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The U.S. Supreme Court ruled against these anti-sodomy laws in 2003 for violating the due process clause and individual rights — but they remain on the books.

“Court rulings can prevent enforcement of a statue, but it doesn’t wipe the statute off the books,” said Maxine Eichner, a UNC law professor. “For this statute to be wiped off the books, it has to be repealed by the legislature, and they sometimes repeal outdated laws, but certainly not always.”

She said these types of forgotten statutes can create uncertainty over their legal effect.

This uncertainty has recently surfaced in Michigan, where the state senate passed a bill including an existing provision that criminalizes sodomy.

“If you look at what’s happening in Michigan, I think it’s absolutely shameful that people are still pushing this type of discriminatory and unconstitutional discrimination in 2016,” said Mike Meno, spokesperson for American Civil Liberties Union of North Carolina.

The legalization of same-sex marriage in all 50 states has caused a backlash to LGBT equality, he said.

“I think it’s clear that the freedom to marry is here to stay across the country, and opponents of equality have looked at ways to carve out exceptions to laws that give equal rights to LGBT Americans,” Meno said.

Chris Sgro, executive director of Equality NC — an LGBT advocacy organization in North Carolina — said he would be surprised if the Michigan Senate bill becomes law.

“I understand that it was originally intended to prevent bestiality but went way beyond that and prohibited oral and anal sex between consenting adults, straight or gay,” he said.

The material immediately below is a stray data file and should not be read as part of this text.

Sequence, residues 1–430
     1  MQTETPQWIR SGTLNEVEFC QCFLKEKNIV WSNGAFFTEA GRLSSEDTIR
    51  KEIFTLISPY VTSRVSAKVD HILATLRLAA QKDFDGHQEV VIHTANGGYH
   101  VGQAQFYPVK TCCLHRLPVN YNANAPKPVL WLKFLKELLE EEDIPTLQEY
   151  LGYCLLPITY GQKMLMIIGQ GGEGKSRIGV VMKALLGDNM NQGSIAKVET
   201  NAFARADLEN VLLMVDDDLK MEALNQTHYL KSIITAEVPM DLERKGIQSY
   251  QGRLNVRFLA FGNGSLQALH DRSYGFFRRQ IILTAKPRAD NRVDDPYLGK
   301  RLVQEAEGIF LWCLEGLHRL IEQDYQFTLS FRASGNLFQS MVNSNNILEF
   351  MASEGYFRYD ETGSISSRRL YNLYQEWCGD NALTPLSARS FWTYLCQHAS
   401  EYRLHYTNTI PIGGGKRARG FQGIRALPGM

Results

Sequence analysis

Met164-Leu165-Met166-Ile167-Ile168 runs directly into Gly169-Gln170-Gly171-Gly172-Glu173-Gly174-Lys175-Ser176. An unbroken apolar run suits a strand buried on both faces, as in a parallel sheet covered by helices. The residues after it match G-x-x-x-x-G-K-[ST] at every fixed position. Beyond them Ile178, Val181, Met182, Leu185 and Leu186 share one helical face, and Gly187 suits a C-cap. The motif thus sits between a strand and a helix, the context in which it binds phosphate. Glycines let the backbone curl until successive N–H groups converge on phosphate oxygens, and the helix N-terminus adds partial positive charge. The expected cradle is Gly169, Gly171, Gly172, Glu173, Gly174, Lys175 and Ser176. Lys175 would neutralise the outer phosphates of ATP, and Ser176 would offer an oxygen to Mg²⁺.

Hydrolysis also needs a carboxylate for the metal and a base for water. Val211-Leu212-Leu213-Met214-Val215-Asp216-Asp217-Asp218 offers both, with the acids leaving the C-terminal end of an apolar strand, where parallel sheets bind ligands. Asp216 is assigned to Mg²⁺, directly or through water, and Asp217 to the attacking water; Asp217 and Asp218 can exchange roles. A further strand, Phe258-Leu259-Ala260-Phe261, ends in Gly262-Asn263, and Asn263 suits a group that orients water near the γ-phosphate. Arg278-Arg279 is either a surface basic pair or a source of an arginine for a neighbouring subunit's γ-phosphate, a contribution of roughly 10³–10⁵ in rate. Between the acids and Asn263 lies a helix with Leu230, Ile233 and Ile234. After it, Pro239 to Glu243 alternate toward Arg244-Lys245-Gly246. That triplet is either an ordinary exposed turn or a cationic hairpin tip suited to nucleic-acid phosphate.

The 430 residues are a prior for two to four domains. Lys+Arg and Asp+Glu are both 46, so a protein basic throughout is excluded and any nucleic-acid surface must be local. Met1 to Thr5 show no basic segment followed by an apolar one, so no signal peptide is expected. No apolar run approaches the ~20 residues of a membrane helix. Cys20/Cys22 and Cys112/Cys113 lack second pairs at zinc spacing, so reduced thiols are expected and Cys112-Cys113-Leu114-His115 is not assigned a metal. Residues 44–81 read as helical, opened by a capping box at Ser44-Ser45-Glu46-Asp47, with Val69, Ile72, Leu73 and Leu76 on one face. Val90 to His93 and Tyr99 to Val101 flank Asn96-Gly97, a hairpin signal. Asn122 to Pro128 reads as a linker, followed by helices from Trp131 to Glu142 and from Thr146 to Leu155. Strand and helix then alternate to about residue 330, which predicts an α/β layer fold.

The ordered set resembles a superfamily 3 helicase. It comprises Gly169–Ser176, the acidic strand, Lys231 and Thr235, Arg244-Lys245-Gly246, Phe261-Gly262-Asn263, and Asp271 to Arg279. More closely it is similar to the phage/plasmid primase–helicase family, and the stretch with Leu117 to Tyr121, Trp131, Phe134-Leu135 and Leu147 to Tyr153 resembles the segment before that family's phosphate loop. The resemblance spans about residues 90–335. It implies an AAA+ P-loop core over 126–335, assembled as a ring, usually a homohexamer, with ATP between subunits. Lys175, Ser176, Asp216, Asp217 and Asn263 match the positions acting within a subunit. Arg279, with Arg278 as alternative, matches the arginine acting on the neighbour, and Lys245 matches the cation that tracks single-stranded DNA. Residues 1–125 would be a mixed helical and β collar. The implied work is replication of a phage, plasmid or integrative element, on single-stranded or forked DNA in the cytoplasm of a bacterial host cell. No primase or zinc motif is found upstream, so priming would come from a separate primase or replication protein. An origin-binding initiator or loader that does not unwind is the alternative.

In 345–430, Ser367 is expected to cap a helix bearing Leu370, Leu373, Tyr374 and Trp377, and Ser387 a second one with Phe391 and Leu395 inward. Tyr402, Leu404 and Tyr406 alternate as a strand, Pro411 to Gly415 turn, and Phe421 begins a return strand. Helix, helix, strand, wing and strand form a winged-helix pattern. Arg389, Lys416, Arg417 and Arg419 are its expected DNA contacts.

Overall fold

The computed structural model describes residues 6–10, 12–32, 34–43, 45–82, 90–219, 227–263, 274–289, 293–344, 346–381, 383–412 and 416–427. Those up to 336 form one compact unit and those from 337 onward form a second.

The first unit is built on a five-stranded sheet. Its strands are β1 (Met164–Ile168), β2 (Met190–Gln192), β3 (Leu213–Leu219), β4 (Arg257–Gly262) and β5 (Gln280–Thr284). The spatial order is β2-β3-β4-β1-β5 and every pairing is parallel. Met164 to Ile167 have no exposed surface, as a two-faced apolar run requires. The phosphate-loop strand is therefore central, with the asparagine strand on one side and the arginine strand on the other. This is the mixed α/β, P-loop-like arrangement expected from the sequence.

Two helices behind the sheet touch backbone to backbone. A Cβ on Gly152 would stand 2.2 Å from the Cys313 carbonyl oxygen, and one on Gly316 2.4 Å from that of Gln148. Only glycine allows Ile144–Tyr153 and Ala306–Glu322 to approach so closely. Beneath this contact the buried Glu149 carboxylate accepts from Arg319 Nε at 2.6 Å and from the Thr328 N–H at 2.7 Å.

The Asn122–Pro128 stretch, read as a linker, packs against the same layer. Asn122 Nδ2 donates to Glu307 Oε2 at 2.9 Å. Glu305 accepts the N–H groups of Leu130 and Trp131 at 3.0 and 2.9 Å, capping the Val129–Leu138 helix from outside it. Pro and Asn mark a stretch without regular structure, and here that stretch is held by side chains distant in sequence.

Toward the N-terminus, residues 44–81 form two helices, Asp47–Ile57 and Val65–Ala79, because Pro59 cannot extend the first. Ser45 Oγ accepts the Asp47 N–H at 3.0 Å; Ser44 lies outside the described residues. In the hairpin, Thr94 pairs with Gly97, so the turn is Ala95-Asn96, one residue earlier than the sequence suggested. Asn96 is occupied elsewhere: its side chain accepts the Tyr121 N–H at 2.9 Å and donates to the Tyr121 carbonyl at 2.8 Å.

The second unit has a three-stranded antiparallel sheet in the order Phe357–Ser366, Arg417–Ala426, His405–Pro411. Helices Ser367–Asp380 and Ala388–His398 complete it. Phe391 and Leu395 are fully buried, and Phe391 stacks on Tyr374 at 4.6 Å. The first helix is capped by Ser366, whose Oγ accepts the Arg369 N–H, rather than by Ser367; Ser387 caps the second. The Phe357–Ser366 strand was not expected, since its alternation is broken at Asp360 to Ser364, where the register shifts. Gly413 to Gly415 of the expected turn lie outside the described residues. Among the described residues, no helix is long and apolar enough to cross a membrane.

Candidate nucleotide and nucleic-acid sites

Sgro said he does not believe other states have a similar appetite for adopting anti-sodomy laws.

“We have our own challenges here, but leaning to that particular piece of legislation, Michigan and their legislature have gone ahead and jumped off the deep end,” he said.

But North Carolina can still improve its protections for the LGBT community — which do not currently include statewide nondiscrimination policies — Sgro said.

“The fight didn’t end with marriage equality,” he said. “We still lack protections against discrimination in employment and housing and access to public accommodations — those are all measures a majority of North Carolinians and a majority of Americans agree should already be in place, and unfortunately, they are not.”

Amira Hasenbush, a Jim Kepner Law and Policy Fellow at the Williams Institute — a research center that focuses on sexual orientation and gender identity law and policy — said nondiscrimination laws that include the LGBT community tend to be less available in the South.

“Generally speaking, you do find that there is less legal protection for LGBT people in the South, Midwest and the mountain states,” she said. “And you see that also reflected in these sodomy laws still being on the books in these similar states.”

Many North Carolinians falsely assume protections are in place for the LGBT community, Sgro said.

“It’s pretty common sense to people that you shouldn’t be able to fire somebody just because they’re gay,” he said. “You shouldn’t be able to refuse somebody housing just because they’re gay.”

More legal action is required for complete equality in the state, Sgro said.

“This particular General Assembly needs to focus more on those protections — they’re the right thing to do,” he said. “I think we can see more from this General Assembly to pass those protections.”


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